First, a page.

What happens when you find out a loved one is dying
“I will call shortly”
The time stamp was for 4:24 p.m. on a Thursday. There was no punctuation. Dad has never been one to waste words; he’s a lawyer and an engineer, two professions that pride themselves on their succinctness. Still, I knew what his text meant, or I had an idea. In the twenty-first century, people don’t call to give good news.
I sat at a café in Manhattan, thousands of miles away from my family. Everyone around me sipped on their coffees around me. I was acutely aware of a few things: my feet hurt from too-high heels, I was cold, and I wanted a mug to occupy my hands so they wouldn’t shake.
My phone rang, obvious and shrill. It was my parents. There’s something to sharing tragedy in groups; after all, very few plays are monologues. Perhaps there’s catharsis in collectivity. At the very least, multiple messengers make them harder to shoot.
“Hey Princesa, how are you?” For having struggled through a day of tests, Dad seemed relatively chipper. In fact, he hadn’t sounded so peaceful in a while.
“I’m alright, just waiting for a friend for coffee. What did the doctors say?”
A pause, some stuttering, and the admission.
“The cancer’s spread, and they’ve decided that no conventional method of treatment — chemo, surgery, radiation — will help.” Mom and Dad split the words between them like they had joint custody.
“Oh.” I caught my breath. “I’m so sorry.”
“It’s okay. It’s life.”
And I believed him. Part of life is death, withering away at the whim of mortality. Still, I don’t know if it’s possible to prepare yourself for a voice slithering over the receiver, foreshadowing the loss of a loved one. Our conversation was too hollow, and there were no arms to fall into while the tears washed down. So I didn’t cry. Instead, I said “goodbye” and “I love you” before ordering a green tea.
“Goodbye” is a strange word. It implies the sort of finality that excuses a future. There’s a reason why I often ramble off a “see you later,” or “goodnight,” or “sweet dreams” on the way out a door. Even if I never intend to see the person again, I want them to have the opportunity to exit and re-enter my life whenever they please. But with death, there is a final “goodbye” wafting in the air, promising pain.
My father seems to be dealing with his terminal cancer rather well. He’s been told he has six months to a year left. I can’t remember what all I’ve done in the past six months, but I’m sure that it hasn’t been enough to make up for 19 years of wasting time, worrying about the wrong things. I wonder how he feels after 53 years of taking care of his siblings, and me, and cats and dogs, and rarely himself.
I’d like to think that if I were dying, I’d do something remarkable with my last moments. I’d travel the world. I’d help somebody. I’d make people feel better about themselves through the smallest acts that added up so that if there were a heaven, I’d be guaranteed entry. But in reality, I know I’d do none of that.
I’d run. I’d run like Forrest Gump, faster and farther until my legs collapsed and my heart gave up. I’d run from that final “goodbye” with all of the energy I could manage. Accepting death is no great feat; we all die eventually. But the “goodbye” might just kill me.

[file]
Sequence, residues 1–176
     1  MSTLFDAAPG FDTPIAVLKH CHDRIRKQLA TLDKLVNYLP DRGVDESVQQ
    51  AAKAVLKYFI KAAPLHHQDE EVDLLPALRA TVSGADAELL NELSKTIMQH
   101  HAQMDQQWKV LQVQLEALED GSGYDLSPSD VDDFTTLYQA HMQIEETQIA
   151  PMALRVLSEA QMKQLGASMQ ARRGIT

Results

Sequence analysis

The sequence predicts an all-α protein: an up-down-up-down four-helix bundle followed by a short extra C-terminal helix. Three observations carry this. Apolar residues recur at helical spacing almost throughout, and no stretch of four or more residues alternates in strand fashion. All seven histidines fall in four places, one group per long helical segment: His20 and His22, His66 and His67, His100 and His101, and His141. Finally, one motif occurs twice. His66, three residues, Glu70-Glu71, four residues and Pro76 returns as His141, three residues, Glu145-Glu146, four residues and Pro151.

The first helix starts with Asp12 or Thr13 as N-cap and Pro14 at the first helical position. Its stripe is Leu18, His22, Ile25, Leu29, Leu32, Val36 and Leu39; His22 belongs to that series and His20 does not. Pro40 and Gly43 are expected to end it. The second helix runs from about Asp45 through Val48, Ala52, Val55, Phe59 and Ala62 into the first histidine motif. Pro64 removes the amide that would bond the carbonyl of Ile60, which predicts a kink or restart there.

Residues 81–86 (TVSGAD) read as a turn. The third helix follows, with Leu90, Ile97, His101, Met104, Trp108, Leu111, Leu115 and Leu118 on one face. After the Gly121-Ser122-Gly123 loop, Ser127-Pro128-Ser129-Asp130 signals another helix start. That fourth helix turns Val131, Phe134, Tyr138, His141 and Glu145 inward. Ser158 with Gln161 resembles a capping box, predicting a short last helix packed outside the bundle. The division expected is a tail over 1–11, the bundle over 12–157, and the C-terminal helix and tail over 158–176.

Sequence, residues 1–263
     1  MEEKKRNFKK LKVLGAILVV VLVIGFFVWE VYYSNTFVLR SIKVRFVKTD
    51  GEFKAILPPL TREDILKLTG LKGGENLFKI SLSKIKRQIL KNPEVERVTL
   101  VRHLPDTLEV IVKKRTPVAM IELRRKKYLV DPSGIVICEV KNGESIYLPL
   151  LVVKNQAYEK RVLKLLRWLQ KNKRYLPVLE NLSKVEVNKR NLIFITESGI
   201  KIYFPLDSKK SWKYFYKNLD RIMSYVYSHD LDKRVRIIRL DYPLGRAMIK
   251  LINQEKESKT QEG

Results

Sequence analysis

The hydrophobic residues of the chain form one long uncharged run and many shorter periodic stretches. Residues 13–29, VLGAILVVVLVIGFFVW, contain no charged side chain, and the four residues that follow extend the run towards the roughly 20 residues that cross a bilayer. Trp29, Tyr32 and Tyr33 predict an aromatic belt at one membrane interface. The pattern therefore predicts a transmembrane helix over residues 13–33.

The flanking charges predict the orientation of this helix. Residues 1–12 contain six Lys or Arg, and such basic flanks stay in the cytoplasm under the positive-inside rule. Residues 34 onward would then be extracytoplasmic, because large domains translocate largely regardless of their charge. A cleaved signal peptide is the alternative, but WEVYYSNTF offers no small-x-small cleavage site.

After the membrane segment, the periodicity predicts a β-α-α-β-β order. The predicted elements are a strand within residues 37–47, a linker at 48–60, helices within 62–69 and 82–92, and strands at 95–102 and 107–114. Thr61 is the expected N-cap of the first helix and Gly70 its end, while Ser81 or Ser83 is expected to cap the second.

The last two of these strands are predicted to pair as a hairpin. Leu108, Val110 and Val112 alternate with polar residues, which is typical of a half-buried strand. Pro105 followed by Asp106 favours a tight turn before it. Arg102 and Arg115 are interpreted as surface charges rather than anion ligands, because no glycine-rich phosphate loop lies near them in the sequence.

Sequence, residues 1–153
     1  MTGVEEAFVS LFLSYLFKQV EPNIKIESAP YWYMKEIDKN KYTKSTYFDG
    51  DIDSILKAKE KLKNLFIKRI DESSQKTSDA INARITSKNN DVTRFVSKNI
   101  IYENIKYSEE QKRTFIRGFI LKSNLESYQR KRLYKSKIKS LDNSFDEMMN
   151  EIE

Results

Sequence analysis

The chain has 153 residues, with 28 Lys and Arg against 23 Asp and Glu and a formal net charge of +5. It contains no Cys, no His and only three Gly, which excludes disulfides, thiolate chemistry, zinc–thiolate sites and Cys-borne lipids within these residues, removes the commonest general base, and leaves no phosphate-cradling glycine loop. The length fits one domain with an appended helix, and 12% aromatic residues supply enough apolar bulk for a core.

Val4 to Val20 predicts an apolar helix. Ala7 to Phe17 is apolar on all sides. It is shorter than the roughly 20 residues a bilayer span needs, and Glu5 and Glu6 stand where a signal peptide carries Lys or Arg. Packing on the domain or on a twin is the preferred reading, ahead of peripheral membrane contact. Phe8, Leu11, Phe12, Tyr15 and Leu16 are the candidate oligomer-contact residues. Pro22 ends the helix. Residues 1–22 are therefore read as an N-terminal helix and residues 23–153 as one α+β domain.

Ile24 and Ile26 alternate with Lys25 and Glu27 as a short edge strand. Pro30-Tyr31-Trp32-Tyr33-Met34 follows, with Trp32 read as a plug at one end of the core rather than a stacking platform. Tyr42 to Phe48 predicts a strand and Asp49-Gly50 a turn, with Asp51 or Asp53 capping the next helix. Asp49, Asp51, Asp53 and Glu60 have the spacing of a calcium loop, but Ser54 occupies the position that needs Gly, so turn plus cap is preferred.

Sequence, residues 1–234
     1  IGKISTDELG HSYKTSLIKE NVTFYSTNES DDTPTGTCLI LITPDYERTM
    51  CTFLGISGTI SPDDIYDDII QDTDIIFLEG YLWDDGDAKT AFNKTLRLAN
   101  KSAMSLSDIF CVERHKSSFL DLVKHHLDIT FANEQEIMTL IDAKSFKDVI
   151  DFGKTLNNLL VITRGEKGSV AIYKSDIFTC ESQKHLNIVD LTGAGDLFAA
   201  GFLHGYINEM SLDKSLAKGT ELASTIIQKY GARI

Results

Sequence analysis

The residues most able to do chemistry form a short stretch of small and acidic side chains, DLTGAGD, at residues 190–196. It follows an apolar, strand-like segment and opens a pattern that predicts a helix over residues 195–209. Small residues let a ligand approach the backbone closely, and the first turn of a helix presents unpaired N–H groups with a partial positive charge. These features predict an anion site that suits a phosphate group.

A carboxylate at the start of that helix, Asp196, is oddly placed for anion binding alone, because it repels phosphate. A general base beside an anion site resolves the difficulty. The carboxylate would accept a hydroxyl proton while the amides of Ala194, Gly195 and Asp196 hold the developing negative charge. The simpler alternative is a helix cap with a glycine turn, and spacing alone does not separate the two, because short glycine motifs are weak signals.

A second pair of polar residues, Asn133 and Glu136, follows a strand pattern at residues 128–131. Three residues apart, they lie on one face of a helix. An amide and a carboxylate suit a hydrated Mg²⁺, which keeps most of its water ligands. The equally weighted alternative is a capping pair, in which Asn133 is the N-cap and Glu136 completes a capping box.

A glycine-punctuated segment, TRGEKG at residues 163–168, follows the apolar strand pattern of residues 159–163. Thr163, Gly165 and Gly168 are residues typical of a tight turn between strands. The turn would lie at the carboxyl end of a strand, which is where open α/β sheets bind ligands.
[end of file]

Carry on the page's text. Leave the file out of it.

I’d have to leave behind the way a square of dark Godiva chocolate with sea salt slides down my tongue and reminds me of lazy days. I’d look outside my window to see fluffy clouds like cotton candy at a carnival, and I’d think of children and smile. I’d wave to Klimt paintings at the MOMA and walk along Riverside Park. I’d recall the slide I swooshed down as a toddler, and I’d imagine the ocean, blue, sparkling, every second until my last.
But the most difficult goodbye wouldn’t be the things or the places, but the people. I would miss my loved ones so much — my best friends who made me who I am, my idols who raised me. I wouldn’t want to let them go, and I’d keep running faster and farther to evade the ultimate release.
My father is so brave. I can’t see his face from across the country, but I can hear in his voice that he has never loved so much, and I’m proud of him for being here — right here — while he can be. He’s not fighting or flying. He’s like Achilles, accepting his fate with integrity and enjoying the time he has.
I’m less accepting; in fact, I haven’t accepted the diagnosis at all. But I have learned something over the past few days of hiding and ignoring, pretending not to feel. We’re all so lucky to be here. We’re so lucky, and we’re even luckier to have each other. So if we’ve only got today, and tomorrow, and maybe a few more weeks or months or decades to be together, let’s make them mean something.
Inevitably, the goodbye will come. So the objective can’t be to outrun it, but to face it with no regrets. That won’t necessarily be accomplished by doing something remarkable — travel, selfless deeds. But if we surround ourselves by the people who are our world and tell them we love them any chance we get, then maybe when death pays a visit, we’ll be able to welcome him with a chipper “hello.”